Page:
I grew up on a farm. How often do we hear our latest generation of 20 somethings say that? I’m willing to bet it is a lot less than previous generations.
I am the owner of Brown Barn Botanicals and I grew up on a Wisconsin farm. I also grew up as the only girl in my generation and lived on a nuclear family style farm where my parents and siblings, my grandparents and my great-aunt and uncle also lived. All of us on top of each other and mingled into each other’s daily life.
I still clearly remember sitting on the grass of my Great Aunt Emma’s sunny front yard while she worked in her garden and told me all about the flowers she was growing there. I also remember the yearly tradition of the women in our family (and one small girl – me) congregating in the large communal vegetable garden to plant, weed and harvest.
I especially remember peas. Oh how I loved planting peas each year. There was something about their perfect roundness nestled in the palm of my small hand as I dropped them into sun warmed soil, tenderly covering them and watering. Then later in the summer the sweet burst of flavor as I popped open delicate pods I picked myself from the pea plants grown from the very peas I planted! What better way to teach a child about gardening, the food chain, and to instill a sense of family and tradition than the yearly gathering of the generations to garden together?
While this was the norm in the 1950’s and 1960’s it has to be a rare scene in today’s modern American society. The Wisconsin family farm is slowly dissolving into our state’s history. 2015 saw the lowest number of recorded dairy farms in the last 100 years. The National Agricultural Statistics Service reported in 2015 that the state of Wisconsin dropped below 10,000 dairy farms. The Wisconsin Department of Agriculture, Trade, and Consumer Protection recently announced we lost another 638 dairy farms in 2018 alone. (Read more at this Milwaukee Journal Sentinel article.)
We live in a small township in North-Central Wisconsin. Our oldest generation of farmers are retiring and their farms are not being passed on to the next generation as their children opt to move on to more lucrative industry based jobs or have left the farm to build a life in town or to take jobs working for larger local mega-farms.
We are watching historical change in agriculture. My husband and I live in the heart of a farming transition, watching over the last twenty years as small local family farms slowly disappear from our rural tapestry. Retired farmers with no “next generation” to pass their land to are selling or leasing family farms to mega-farms who are purchasing more and more acreage to till in order to support their large dairy herds and to support the manure management of these herds.
Gourmet wood-fired Pizza on the farm at our local CSA is a regular event. Bring your own table and chairs, drink local wine from a mason jar or enjoy a local craft Root Beer. Each pizza features whatever is freshly harvested from the farm that week.
While the look of small family farms is changing, not all is bleak. In fact what has emerged in the last few years is promising to result in a more vibrant landscape. In the last ten years CSA’s, Vineyards with beautiful custom wines, “farm pizza” events at small specialty farms, and cheesemakers taking a holistic “cow-to-customer” approach have popped up in our area. Its an exciting time to witness the re-thinking of the family farm concept and we love seeing all of the creative specialties emerging as a result.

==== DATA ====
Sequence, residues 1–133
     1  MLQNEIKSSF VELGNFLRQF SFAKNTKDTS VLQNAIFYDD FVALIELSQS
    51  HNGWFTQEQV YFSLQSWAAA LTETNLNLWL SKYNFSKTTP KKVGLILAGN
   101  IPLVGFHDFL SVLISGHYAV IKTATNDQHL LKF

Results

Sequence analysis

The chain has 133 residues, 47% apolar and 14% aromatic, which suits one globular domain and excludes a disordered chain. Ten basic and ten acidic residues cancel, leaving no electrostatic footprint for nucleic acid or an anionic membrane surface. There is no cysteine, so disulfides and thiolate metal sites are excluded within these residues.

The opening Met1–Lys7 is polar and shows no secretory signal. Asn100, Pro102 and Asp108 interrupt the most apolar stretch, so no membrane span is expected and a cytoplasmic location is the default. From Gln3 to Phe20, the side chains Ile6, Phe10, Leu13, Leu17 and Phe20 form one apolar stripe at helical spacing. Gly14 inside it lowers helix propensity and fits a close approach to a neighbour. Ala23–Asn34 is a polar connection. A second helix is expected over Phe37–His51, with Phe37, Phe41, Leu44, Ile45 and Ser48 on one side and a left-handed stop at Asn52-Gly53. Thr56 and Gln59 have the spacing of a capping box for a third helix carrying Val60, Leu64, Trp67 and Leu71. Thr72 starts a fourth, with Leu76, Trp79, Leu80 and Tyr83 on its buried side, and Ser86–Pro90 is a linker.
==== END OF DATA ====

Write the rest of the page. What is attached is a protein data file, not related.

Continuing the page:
I am the fourth generation of a Wisconsin farm family and my daughter, Alyssa, is the fifth generation. Over the years our family situation changed and my family was forced to sell our beloved family farm. It is now a subdivision on the outskirts of Waukesha, Wisconsin, housing beautiful large homes on its rich black soil.
I am living proof that while you can take the girl off the farm you can’t take the farm out of the girl. When we married, my husband (Steve) and I bought a small 40 acre “farmette” in Marathon County, Wisconsin which was previously a small dairy farm and then run as a greenhouse business for the 30 years before we bought it. We ran the location as a greenhouse for several years and my husband continues to operate his waste-water irrigation business from the farm. We’ve lived here over 20 years now and have watched our community change with the hands of time as our neighbors retire from farming.
When we married we were a bit of fish out of water. Two displaced farm “kids” looking to hang onto our heritage and find a way to instill that same rich history into our children while also needing to find a way to survive economically. We found our way thru my running the greenhouse (and eventually moving into botanicals to be used in Brown Barn products) while Steve ran his custom operator business for area farmers.My husband, Steve, also grew up on a farm similar to the one I grew up on. His grandparents and uncle lived across the driveway. Over the years that farm was sold as well.
One of the drawbacks, and I feel what holds a lot of small family farmers back in today’s economy, is that we know about plants – cows – bulls – chickens – soil – rain – minerals – commodities and market. We don’t know enough about e-commerce – advertising – branding – marketing – alternative living – and niche development. Our farming parents and grandparents had no need for a logo and website! Much less a Facebook page. I giggle at the idea of my Grandpa spending hours of his day writing blogs about his corn field. But here we are in 2019 and that is exactly what a I see CSA (Community Support Agriculture) farmers and local cheese makers doing.
As the generations grow outward and away from the family farm experience we must rethink the small family farm. Re”Vision” what that looks like. We need to find ways to make small farms relevant in the lives of today’s consumer.
For us, we found raising botanicals to be infused into the oils of our marvelous Brown Barn skincare and body products to be the answer and are now working on developing a line of teas and other herbal support products.